## Thursday, March 24, 2016

### Computing the date of Easter

 Raphael - Resurrection of Christ
The first Ecumenical Council was held in Nicaea, Asia Minor, in 325, convened by Emperor Constantine. Ecumenical councils could not be held before that date, for Christians were persecuted and had to meet in secret. This first Council had very important consequences: Aryanism, which denied the divinity of Christ, was condemned; the version of the creed still recited in mass today was defined; and the Council established the algorithm to calculate the date of Easter, which is still in use. This algorithm is so complicated that Donald Knuth included a program to perform it in his famous and classic computer encyclopedia, The Art of Computer Programming.
Easter was fixed on the first Sunday after the first full moon after the spring equinox, which that year fell in March 21st. To calculate the exact date one must take into account that the solar cycle (the year) contains 365.2421988 days, while the lunar cycle (the phases of the moon) lasts 29.530588 days, two numbers with many figures that do not have a simple relationship with one another, so the calculation is quite complex.

The astronomers of the ancient civilizations were deeply disturbed because the cycle of the sun is not an exact multiple of the cycle of the moon. The quotient of the two numbers is 12.368267, which means that a year lasts for 12 lunar months plus over a third. In Babylon they divided the year into 12 months and chose 12 as the basis of their numbering system, but every three years or so they had to introduce an extra month, so that the sun would not be left behind. The years with 13 months were considered abnormal, weird, bad luck. Number 13 still drags that disreputable character.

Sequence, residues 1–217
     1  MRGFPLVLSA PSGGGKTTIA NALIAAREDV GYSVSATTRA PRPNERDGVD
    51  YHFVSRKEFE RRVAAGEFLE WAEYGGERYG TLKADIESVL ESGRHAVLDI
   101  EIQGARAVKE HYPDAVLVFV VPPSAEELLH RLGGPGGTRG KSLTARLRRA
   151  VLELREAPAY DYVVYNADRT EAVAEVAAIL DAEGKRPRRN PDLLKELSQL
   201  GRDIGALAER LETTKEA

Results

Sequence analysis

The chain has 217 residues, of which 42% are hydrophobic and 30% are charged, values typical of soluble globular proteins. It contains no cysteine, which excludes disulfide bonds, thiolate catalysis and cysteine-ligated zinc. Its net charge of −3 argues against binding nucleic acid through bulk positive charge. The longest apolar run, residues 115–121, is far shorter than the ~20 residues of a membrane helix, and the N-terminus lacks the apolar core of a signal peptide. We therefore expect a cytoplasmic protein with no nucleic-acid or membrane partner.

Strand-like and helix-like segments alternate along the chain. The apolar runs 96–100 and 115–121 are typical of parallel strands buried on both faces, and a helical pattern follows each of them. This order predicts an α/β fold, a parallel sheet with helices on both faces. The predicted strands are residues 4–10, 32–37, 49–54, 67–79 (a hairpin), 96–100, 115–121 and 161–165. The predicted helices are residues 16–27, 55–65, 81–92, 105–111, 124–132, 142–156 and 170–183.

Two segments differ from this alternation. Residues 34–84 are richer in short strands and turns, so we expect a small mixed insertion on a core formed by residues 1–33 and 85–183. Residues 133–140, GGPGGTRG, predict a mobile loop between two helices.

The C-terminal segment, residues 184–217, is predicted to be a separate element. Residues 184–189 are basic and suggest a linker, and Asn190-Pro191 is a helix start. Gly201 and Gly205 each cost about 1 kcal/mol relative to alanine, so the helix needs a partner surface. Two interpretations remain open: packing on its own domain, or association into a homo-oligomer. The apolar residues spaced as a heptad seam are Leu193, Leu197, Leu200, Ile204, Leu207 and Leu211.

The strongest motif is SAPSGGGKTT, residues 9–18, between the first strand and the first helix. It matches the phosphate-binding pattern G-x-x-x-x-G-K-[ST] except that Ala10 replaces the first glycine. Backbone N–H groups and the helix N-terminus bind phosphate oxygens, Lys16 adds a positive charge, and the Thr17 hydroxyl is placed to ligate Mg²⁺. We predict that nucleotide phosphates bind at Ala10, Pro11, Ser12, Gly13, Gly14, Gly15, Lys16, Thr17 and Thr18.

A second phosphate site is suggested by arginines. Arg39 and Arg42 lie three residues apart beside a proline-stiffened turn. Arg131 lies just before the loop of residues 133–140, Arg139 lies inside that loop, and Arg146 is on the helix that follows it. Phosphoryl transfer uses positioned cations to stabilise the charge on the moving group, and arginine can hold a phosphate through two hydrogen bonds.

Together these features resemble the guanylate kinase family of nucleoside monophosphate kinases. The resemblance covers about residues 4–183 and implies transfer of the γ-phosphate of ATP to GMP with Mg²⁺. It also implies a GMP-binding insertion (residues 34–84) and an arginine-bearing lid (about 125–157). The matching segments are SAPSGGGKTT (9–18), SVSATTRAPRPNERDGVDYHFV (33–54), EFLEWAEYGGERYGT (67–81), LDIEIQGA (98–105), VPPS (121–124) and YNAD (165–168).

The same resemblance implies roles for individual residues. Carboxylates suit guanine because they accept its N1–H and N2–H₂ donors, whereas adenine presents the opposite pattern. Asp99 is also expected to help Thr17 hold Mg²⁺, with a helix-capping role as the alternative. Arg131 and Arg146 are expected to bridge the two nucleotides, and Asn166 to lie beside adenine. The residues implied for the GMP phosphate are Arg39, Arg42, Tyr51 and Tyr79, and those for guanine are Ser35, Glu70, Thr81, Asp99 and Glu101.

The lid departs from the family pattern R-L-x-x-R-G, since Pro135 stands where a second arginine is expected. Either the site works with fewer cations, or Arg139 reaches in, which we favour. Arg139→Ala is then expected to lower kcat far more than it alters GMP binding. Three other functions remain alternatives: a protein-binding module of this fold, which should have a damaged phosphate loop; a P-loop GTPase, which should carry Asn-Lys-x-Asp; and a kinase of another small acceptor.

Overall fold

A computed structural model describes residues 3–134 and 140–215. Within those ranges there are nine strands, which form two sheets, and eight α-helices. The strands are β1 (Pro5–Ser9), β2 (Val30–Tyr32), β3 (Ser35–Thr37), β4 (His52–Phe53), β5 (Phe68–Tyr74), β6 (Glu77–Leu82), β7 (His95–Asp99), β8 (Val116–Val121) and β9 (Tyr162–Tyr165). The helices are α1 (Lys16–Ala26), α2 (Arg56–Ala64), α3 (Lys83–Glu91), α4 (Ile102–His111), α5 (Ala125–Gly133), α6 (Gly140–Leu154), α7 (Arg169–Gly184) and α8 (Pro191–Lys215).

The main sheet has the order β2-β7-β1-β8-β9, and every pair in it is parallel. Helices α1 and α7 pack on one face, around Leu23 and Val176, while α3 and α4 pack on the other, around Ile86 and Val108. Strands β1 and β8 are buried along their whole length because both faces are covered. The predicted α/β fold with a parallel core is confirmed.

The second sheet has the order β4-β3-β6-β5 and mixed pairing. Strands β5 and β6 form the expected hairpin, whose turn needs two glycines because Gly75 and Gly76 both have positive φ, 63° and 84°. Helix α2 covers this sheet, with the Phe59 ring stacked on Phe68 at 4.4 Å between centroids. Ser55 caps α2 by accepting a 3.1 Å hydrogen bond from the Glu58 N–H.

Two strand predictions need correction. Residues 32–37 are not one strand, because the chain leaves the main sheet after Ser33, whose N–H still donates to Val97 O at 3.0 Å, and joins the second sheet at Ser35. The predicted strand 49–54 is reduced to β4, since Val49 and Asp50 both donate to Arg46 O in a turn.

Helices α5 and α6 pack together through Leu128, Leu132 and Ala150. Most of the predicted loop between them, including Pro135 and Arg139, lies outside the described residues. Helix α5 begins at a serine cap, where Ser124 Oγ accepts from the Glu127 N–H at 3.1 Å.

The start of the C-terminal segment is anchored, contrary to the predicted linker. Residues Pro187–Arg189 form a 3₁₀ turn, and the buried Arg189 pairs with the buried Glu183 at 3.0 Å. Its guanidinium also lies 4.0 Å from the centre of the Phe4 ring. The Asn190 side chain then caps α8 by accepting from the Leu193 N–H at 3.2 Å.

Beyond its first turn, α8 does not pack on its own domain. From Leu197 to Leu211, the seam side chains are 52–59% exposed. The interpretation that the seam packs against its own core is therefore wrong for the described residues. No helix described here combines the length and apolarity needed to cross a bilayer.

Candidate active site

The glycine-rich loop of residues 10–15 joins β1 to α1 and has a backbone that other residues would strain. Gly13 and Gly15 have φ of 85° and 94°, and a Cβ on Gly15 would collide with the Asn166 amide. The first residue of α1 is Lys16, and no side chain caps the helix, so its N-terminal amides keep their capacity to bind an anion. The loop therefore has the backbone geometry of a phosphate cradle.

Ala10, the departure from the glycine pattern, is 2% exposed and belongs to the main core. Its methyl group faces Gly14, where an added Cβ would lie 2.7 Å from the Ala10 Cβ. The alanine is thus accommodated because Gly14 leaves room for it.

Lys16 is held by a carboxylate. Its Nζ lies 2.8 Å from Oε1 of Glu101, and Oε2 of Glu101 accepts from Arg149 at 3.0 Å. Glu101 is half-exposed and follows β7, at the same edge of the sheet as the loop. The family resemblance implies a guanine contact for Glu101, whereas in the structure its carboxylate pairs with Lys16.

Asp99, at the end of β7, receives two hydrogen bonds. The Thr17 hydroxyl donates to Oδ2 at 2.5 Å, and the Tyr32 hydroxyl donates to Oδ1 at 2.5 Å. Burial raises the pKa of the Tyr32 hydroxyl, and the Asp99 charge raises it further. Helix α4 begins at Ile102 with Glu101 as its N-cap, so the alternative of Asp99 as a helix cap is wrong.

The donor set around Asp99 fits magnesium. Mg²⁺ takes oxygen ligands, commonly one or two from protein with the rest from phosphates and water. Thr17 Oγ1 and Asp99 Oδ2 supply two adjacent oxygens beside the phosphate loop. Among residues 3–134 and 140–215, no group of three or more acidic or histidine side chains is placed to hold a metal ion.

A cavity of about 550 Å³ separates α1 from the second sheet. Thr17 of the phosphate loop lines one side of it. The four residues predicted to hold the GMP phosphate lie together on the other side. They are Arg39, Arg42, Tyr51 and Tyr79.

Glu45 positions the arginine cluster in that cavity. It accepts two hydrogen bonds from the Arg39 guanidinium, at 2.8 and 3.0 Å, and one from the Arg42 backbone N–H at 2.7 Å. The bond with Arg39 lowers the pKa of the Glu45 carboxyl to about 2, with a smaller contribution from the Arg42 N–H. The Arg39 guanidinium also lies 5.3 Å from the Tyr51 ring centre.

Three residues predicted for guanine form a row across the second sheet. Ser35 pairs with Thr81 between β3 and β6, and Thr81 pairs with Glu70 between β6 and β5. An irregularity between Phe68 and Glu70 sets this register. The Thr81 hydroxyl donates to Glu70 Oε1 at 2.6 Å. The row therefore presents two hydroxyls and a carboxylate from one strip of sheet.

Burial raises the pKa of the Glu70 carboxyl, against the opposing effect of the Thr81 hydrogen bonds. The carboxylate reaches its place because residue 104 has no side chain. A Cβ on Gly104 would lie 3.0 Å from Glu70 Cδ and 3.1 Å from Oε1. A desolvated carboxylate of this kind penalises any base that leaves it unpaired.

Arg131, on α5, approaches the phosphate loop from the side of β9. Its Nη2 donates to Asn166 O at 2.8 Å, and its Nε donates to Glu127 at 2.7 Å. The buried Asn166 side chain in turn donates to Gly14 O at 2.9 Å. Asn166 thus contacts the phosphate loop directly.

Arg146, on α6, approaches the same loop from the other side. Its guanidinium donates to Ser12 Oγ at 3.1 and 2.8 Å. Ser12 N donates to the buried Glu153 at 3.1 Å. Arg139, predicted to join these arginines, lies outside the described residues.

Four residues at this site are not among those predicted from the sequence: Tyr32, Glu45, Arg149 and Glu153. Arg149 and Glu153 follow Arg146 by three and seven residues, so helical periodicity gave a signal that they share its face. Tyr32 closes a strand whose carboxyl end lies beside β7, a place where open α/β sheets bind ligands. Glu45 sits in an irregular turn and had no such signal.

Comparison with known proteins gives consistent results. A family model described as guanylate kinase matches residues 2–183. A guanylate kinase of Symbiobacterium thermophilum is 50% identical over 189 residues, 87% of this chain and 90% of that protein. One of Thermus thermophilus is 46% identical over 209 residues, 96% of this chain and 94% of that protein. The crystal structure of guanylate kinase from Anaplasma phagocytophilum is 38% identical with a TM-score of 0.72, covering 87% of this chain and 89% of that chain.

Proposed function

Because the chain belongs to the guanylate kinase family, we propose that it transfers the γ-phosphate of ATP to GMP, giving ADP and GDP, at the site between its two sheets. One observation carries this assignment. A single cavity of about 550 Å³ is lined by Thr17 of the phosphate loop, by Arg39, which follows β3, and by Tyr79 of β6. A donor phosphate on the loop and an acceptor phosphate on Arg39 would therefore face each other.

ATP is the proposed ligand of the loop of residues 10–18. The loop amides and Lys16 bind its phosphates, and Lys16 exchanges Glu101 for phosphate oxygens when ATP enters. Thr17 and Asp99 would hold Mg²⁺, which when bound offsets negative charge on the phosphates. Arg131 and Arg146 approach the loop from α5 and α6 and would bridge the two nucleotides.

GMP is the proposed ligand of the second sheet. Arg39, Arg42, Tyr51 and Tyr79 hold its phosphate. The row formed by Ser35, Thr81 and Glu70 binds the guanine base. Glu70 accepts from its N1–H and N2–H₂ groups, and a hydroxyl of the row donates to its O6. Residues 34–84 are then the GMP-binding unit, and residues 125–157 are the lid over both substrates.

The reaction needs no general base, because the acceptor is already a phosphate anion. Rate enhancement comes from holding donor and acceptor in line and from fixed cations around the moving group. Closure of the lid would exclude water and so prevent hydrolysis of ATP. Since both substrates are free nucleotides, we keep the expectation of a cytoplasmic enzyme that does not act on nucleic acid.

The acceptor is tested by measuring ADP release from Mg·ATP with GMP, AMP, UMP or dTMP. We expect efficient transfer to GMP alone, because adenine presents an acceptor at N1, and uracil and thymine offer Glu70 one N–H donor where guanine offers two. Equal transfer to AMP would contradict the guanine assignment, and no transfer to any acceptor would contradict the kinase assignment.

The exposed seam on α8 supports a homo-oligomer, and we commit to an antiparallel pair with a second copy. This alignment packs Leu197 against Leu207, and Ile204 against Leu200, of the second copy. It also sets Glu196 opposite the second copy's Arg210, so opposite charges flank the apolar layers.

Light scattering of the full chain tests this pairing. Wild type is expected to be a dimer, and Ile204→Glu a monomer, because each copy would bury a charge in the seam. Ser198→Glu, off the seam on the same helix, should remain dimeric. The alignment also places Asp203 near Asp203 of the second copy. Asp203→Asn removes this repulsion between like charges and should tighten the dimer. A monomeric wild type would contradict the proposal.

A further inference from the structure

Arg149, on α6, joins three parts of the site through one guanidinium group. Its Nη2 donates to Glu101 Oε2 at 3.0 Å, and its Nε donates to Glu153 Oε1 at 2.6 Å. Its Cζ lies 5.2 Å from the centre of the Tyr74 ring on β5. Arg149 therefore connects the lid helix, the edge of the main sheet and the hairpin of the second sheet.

By the sixth century B.C., Babylonian astronomers discovered that every 19 years the sun and the moon are back in almost the same relative positions. Indeed, 19 solar years have 19´365.2421988 = 6939.60 days, while 235 lunar months have 235´29.530588 = 6939.69 days. In other words, if 235 lunar months are distributed between 19 years, the resulting cycle introduces an error of 0.09 days, one day per 220 years. Around 432 B.C., the Greek astronomer Meton rediscovered the cycle of 19 years (we call it the Metonic cycle), and even improved it a bit, reducing the error to about one day every 300 years.
As the date of Easter depends on the full moon, the algorithm to calculate that date depends on 19, the number of years in the Metonic cycle. I will not insert the full algorithm here, just a table that helps to calculate the date with very little effort.

 0 1 2 3 4 5 6 7 8 9 Up to 1582 5/4 25/3 13/4 2/4 22/3 10/4 30/3 18/4 7/4 27/3 1583-1699 12/4 1/4 21/3 9/4 29/3 17/4 6/4 26/3 14/4 3/4 1700-1899 13/4 2/4 22/3 10/4 30/3 18/4 7/4 27/3 15/4 4/4 1900-2199 14/4 3/4 23/3 11/4 31/3 18/4 8/4 28/3 16/4 5/4

 10 11 12 13 14 15 16 17 18 Up to 1582 15/4 4/4 24/3 12/4 1/4 21/3 9/4 29/3 17/4 1583-1699 23/3 11/4 31/3 18/4 8/4 28/3 16/4 5/4 25/3 1700-1899 24/3 12/4 1/4 21/3 9/4 29/3 17/4 6/4 26/3 1900-2199 25/3 13/4 2/4 22/3 10/4 30/3 17/4 7/4 27/3

To compute the date of Easter in a given year using the table, just find the remainder of the year in question when divided by 19, which is always a number between 0 and 18. Then look at the corresponding column in the table, in the row corresponding to the year. The table gives the date of the first full moon after the spring equinox, in the day/month format.
There is just one thing missing: the date thus obtained can fall on any day of the week. Easter will be the next Sunday. This last rule applies even if the date on the table falls on a Sunday, to prevent the Christian Easter to fall on the same day as the Jewish Passover.

Manuel Alfonseca